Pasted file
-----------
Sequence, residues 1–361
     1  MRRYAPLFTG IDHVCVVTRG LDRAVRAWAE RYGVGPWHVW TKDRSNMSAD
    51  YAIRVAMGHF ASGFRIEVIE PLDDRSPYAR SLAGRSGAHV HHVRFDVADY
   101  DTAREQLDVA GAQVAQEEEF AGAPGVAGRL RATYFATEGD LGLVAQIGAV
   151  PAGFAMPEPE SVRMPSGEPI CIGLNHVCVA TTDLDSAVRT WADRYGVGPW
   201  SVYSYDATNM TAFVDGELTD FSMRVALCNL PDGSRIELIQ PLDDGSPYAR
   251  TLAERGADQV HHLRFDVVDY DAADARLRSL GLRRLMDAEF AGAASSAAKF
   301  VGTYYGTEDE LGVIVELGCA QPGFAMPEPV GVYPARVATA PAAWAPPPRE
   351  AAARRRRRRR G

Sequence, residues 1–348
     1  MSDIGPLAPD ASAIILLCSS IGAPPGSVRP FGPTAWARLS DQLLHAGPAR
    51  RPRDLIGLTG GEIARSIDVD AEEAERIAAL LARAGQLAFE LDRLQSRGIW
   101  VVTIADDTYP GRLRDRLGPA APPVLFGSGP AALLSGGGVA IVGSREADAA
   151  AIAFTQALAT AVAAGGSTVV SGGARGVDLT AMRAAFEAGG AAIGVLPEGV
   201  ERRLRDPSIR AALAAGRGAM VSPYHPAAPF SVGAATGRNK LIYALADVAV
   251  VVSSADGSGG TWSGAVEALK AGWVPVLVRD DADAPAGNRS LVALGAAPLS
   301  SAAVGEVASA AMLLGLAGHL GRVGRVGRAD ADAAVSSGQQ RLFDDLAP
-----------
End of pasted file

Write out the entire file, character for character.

Sequence, residues 1–361
     1  MRRYAPLFTG IDHVCVVTRG LDRAVRAWAE RYGVGPWHVW TKDRSNMSAD
    51  YAIRVAMGHF ASGFRIEVIE PLDDRSPYAR SLAGRSGAHV HHVRFDVADY
   101  DTAREQLDVA GAQVAQEEEF AGAPGVAGRL RATYFATEGD LGLVAQIGAV
   151  PAGFAMPEPE SVRMPSGEPI CIGLNHVCVA TTDLDSAVRT WADRYGVGPW
   201  SVYSYDATNM TAFVDGELTD FSMRVALCNL PDGSRIELIQ PLDDGSPYAR
   251  TLAERGADQV HHLRFDVVDY DAADARLRSL GLRRLMDAEF AGAASSAAKF
   301  VGTYYGTEDE LGVIVELGCA QPGFAMPEPV GVYPARVATA PAAWAPPPRE
   351  AAARRRRRRR G

Sequence, residues 1–348
     1  MSDIGPLAPD ASAIILLCSS IGAPPGSVRP FGPTAWARLS DQLLHAGPAR
    51  RPRDLIGLTG GEIARSIDVD AEEAERIAAL LARAGQLAFE LDRLQSRGIW
   101  VVTIADDTYP GRLRDRLGPA APPVLFGSGP AALLSGGGVA IVGSREADAA
   151  AIAFTQALAT AVAAGGSTVV SGGARGVDLT AMRAAFEAGG AAIGVLPEGV
   201  ERRLRDPSIR AALAAGRGAM VSPYHPAAPF SVGAATGRNK LIYALADVAV
   251  VVSSADGSGG TWSGAVEALK AGWVPVLVRD DADAPAGNRS LVALGAAPLS
   301  SAAVGEVASA AMLLGLAGHL GRVGRVGRAD ADAAVSSGQQ RLFDDLAP